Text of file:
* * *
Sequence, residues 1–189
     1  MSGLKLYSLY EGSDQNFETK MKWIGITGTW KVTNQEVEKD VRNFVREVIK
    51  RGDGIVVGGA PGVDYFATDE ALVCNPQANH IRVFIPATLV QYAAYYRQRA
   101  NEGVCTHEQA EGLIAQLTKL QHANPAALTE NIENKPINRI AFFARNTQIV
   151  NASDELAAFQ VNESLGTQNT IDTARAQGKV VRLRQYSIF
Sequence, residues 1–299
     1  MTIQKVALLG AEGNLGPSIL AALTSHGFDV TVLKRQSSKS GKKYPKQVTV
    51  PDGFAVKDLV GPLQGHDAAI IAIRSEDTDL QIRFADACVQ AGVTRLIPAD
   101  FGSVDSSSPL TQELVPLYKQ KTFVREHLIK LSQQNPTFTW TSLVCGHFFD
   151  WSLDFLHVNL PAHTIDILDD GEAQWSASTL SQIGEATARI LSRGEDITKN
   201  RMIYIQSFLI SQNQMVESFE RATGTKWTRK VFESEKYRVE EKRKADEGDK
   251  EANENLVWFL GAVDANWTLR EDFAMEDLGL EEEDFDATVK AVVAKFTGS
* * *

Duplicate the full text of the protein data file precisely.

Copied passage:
Sequence, residues 1–189
     1  MSGLKLYSLY EGSDQNFETK MKWIGITGTW KVTNQEVEKD VRNFVREVIK
    51  RGDGIVVGGA PGVDYFATDE ALVCNPQANH IRVFIPATLV QYAAYYRQRA
   101  NEGVCTHEQA EGLIAQLTKL QHANPAALTE NIENKPINRI AFFARNTQIV
   151  NASDELAAFQ VNESLGTQNT IDTARAQGKV VRLRQYSIF
Sequence, residues 1–299
     1  MTIQKVALLG AEGNLGPSIL AALTSHGFDV TVLKRQSSKS GKKYPKQVTV
    51  PDGFAVKDLV GPLQGHDAAI IAIRSEDTDL QIRFADACVQ AGVTRLIPAD
   101  FGSVDSSSPL TQELVPLYKQ KTFVREHLIK LSQQNPTFTW TSLVCGHFFD
   151  WSLDFLHVNL PAHTIDILDD GEAQWSASTL SQIGEATARI LSRGEDITKN
   201  RMIYIQSFLI SQNQMVESFE RATGTKWTRK VFESEKYRVE EKRKADEGDK
   251  EANENLVWFL GAVDANWTLR EDFAMEDLGL EEEDFDATVK AVVAKFTGS